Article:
SUNY professor Karen Johnson-Weiner contributed a fascinating interview on the Amish of New York state.  The post was one of the year’s most-commented.  Karen even shared a rare photo of Swartzentruber sausage-making.  You can also find previous interviews with Karen, on Amish schools and Swartzentruber Amish, listed in this Amish interviews compilation.

FALL

amish fallAutumn saw a number of posts dealing with controversial issues.  The first looked at the place of Amish women in Amish society.  A post on Amish child discipline got a wide variety of opinions on spanking.   And cell phones got quite a reaction as well.

In one of the most moving posts of the year, we shared an excerpt of an interview with Nickel Mines gunman Charles Roberts’ mother Terri.  Donald Kraybill followed up in the post with a personal note sharing some thoughts on the parents, two of whom he had met with a week before the 4th anniversary of the shooting.

Two more southern Amish communities were featured in the fall: St. Mary’s County, Maryland, and Munfordville, Kentucky.  These are the largest settlements in their respective states and among the largest Amish communities in the South.

We have long featured posts on individual Amish communities.  Wanting to consolidate all the information in one place, I hit upon the idea for the Amish State Guide, which launched in October.  This was the second big resource project of the year (along with the Amish Online Encyclopedia).  The State Guide is a series of articles on Amish communities in each state.  Initially starting with 5 states (OH, NC, TN, NY, MI), new states have been released every 1-2 weeks since then.  Currently, 11 states can be found in the State Guide, and will continue to release new states until all 29 entries (including Ontario, Canada) are available.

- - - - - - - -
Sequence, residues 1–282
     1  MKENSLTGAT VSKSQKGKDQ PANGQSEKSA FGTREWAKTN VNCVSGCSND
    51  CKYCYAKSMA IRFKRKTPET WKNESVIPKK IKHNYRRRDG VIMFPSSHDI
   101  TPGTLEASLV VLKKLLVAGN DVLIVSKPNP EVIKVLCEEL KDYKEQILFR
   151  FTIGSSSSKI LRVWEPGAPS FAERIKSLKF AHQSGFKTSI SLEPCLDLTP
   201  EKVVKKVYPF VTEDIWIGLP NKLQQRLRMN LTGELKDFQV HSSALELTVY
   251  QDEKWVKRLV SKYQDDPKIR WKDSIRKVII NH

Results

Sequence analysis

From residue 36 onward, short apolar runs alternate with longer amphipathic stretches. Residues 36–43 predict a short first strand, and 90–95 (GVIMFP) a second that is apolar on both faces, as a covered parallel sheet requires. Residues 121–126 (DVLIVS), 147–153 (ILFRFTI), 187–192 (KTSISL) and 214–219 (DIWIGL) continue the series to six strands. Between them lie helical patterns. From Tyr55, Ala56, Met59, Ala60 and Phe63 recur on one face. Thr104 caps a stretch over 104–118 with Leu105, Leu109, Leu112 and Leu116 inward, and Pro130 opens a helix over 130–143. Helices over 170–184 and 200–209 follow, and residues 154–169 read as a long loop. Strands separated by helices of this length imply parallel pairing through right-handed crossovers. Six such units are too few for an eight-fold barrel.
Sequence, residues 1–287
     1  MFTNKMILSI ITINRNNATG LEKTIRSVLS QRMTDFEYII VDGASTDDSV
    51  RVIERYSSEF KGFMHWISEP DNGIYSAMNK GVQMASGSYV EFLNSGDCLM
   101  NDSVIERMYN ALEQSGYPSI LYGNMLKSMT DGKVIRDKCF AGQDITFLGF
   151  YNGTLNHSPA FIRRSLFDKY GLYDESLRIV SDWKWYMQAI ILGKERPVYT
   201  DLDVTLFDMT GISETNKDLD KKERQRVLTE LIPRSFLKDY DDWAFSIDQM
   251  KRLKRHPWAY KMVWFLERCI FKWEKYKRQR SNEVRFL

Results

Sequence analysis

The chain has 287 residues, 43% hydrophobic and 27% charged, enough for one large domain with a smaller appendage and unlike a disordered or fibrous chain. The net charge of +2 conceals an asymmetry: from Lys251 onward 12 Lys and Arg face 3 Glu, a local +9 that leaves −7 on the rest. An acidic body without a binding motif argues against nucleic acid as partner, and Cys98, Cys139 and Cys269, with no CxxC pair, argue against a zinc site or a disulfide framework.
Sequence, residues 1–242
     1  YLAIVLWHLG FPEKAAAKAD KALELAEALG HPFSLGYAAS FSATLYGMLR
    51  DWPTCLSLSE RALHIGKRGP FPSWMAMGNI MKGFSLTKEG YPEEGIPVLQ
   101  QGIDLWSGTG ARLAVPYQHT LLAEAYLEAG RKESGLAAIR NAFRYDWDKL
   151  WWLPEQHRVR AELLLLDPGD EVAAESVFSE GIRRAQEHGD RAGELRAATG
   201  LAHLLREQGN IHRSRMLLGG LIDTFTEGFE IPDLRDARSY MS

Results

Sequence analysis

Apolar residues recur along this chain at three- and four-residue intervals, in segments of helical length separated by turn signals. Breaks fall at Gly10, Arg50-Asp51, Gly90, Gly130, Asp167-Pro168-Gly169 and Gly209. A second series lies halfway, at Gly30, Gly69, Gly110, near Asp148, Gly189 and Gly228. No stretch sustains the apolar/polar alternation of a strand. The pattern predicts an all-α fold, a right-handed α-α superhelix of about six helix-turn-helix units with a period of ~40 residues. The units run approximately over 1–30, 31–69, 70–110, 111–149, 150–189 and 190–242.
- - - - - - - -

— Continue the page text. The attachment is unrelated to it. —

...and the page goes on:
Autumn also saw a flurry of giveaway contests.  If you wanted to win a free book related to the Amish, this was the place to be.  As is the custom we also had some great interviews accompanying each contest.  Find them here:  The Amish Way: Patient Faith in a Perilous World, with Donald Kraybill, Steven Nolt, and David Weaver-Zercher;  Taste of Pinecraft: Glimpses of Sarasota, Florida’s Amish Culture and Kitchens, with Sherry Gore; Concise Encyclopedia of Amish, Brethren, Hutterites, and Mennonites, with Donald Kraybill, and Success Made Simple: An Inside Look at Why Amish Businesses Thrive, with yours truly.   As a bonus, we also gave away a subscription to Florida Amish newspaper The Pinecraft Pauper.

Amish in their Own Words author Brad Igou guested, sharing a recollection of Amish historian/bookbinder Abner Beiler.  Abner was no doubt a remarkable person, and I think Brad did him justice in his very interesting piece.

Finally, a few fun posts.  Amish Peanut Butter is legendary, and I spent a bit of time exploring the stuff, comparing two jars, one produced by a Swartzentruber Amish woman, another by a large Ohio manufacturer.  Halloween is not celebrated by Amish, but they sure sell a lot of pumpkins.  And wedding pens and other commemorative pieces are an Amish tradition–at least among some Amish.

Thanks again for making it a great year, and wishing you a fruitful 2011.  Your comments, as always, are much appreciated.

Photo credits: Winter-Eva A.; Spring-Bob Jagendorf; Summer-Bob Brussack; Fall-Tricia